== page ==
The government recognises the critical importance of good mental health and wellbeing to the agricultural and veterinary communities and notes with concern the evidence contained in the report.

Defra’s Farming and Countryside Programme works with several farming charities to ensure planned changes in policy are delivered effectively and seeks to minimise any additional burden placed on farmers and landowners. Defra has contributed to the Royal Agricultural Benevolent Institution (RABI) Big Farming Survey, which highlighted mental health challenges for farming communities. A combination of factors contributes to poor levels of mental health and wellbeing. The RABI survey found an average of 6 varied factors contributing to stress. These were a mixture of natural factors (for example weather), health factors including COVID-19, regulatory and financial factors (for example loss of subsidies), and social factors (for example rural crime and public access).

DHSC does not plan to develop a workplan with NHSE and local health and occupation charities, since setting and managing targets for local systems would not align with NHSE’s new operating model, following the recommendations of the Hewitt Review. However, DHSC is progressing other ways of improving the support available for those within the agricultural and veterinary sectors.

Prevalence data (i.e., data on the prevalence of both treated and untreated psychiatric disorders in the English adult population (aged 16 and over)) is essential in establishing mental health need and unmet need in the population. The latest information on the number of adults with a diagnosable mental health condition (including a breakdown by occupation) was provided by the Adult Psychiatric Morbidity Survey (APMS) in 2014. The commissioning and delivery of the next survey was delayed by the Covid-19 pandemic. We know that services have been reporting increase in demand and changes in the complexity of cases, so it is likely that estimates from that 2014 survey are limited in what they can tell us about current prevalence. DHSC has commissioned the next iteration of the APMS to provide essential data on adult mental health prevalence to inform service planning, commissioning, and improvement.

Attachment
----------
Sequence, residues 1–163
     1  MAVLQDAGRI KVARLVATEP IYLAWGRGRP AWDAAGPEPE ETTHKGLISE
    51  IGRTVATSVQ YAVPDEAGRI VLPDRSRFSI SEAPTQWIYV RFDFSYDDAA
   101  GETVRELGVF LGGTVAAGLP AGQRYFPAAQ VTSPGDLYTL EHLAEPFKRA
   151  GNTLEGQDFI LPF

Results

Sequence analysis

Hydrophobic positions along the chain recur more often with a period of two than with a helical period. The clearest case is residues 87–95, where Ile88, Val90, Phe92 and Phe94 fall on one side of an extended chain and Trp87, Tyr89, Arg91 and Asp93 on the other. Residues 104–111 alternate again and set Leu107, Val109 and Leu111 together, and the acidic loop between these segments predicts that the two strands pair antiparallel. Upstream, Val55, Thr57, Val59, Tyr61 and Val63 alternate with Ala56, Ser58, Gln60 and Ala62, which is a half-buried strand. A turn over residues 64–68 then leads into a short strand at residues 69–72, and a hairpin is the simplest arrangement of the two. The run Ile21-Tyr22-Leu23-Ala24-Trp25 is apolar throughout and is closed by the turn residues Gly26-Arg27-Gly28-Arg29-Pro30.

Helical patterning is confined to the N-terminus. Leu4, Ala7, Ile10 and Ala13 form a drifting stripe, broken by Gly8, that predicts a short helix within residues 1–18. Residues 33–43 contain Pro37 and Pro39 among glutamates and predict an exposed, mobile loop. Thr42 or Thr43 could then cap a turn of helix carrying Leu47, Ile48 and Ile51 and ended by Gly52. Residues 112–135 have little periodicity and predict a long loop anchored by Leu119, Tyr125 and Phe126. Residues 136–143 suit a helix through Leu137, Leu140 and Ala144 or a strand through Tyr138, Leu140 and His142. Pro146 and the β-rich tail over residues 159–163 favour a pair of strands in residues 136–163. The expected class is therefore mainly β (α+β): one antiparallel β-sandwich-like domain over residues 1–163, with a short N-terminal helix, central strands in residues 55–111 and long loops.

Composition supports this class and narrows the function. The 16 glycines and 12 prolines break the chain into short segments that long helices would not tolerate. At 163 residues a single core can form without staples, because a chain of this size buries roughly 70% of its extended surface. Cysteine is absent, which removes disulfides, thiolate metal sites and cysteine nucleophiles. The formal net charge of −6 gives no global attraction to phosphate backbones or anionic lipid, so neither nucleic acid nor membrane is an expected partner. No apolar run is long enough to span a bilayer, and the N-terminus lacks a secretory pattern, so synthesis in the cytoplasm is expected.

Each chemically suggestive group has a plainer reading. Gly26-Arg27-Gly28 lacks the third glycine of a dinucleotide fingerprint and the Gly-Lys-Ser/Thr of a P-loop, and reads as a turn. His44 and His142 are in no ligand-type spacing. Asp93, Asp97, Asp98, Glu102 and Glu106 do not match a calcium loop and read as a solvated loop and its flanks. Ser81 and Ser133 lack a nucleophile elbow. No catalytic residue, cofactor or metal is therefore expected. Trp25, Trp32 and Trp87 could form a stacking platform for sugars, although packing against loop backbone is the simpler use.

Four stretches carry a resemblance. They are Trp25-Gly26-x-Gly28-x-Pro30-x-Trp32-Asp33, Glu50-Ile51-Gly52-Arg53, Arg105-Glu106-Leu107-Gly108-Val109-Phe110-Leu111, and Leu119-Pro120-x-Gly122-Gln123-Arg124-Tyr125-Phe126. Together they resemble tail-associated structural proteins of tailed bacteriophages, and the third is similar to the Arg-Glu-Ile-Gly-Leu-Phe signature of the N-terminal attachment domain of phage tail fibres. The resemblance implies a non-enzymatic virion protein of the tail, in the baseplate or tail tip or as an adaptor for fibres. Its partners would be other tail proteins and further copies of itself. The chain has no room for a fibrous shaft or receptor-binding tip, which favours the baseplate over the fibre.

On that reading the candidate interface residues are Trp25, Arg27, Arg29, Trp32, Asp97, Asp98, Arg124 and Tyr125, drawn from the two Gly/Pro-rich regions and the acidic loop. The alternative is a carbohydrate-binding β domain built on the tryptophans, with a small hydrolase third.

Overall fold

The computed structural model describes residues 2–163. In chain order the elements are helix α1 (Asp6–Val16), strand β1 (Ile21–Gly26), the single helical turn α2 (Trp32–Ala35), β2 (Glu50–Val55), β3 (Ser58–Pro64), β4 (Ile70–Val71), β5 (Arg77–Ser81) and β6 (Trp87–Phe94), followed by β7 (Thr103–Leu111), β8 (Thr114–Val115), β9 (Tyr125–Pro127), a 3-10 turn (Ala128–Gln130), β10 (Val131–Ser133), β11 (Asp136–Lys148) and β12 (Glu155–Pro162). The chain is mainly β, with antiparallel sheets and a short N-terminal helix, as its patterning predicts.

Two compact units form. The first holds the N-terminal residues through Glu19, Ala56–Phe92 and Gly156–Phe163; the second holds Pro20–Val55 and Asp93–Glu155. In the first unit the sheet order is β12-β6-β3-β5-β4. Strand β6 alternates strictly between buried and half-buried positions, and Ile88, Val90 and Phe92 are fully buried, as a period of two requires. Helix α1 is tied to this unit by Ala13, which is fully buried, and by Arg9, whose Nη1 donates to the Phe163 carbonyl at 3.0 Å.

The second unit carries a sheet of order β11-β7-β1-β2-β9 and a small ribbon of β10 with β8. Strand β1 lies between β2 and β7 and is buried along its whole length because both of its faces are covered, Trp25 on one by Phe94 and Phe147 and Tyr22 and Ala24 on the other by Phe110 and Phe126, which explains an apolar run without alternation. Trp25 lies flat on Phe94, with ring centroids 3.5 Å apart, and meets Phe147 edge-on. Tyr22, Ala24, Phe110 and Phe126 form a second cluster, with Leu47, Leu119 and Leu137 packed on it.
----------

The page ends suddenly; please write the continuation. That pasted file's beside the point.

Fieldwork on the APMS is taking place and reporting is planned for early 2025. DHSC will consider the findings of this survey, including in the context of improving the mental health and well-being of agricultural and veterinary communities.

There are currently no plans to commission Health Education England, now NHS England, to develop a specific training programme for rural NHS providers and staff.

However, NHS care providers must assess the learning needs of their workforce and ensure that their staff are equipped with the knowledge, skills, and expertise to deliver services to all the communities they serve. Employees have free access to a broad quantity of specialist materials via e- learning platforms and a mechanism is in place for NHS care providers to submit any identified gaps in training provision to ICBs to support the workforce planning processes.

Government works closely with the veterinary profession, including the Royal College of Veterinary Surgeons (RCVS) and the British Veterinary Association (BVA). Defra officials regularly engage with both these organisations as well as the wider profession. The profession has several initiatives in place, such as the RCVS Mind Matters Initiative and the BVA Good Veterinary Workplace Scheme and note too, the work that is being done by organisations such as VetLife to support the mental health of veterinary professionals.

7. We recommend that: DEFRA and the Department for Levelling Up, Housing and Communities set out a timeline and process by which to review and revise the Index of Multiple Deprivation with the aim of more accurately capturing rural deprivation. The Government should commit to reaching a position by the end of this year, 2023, whereby it can commence a consultation on draft changes to the Index and guidance for decision- makers, and how the Index should be used to support funding decisions. [Paragraph 144]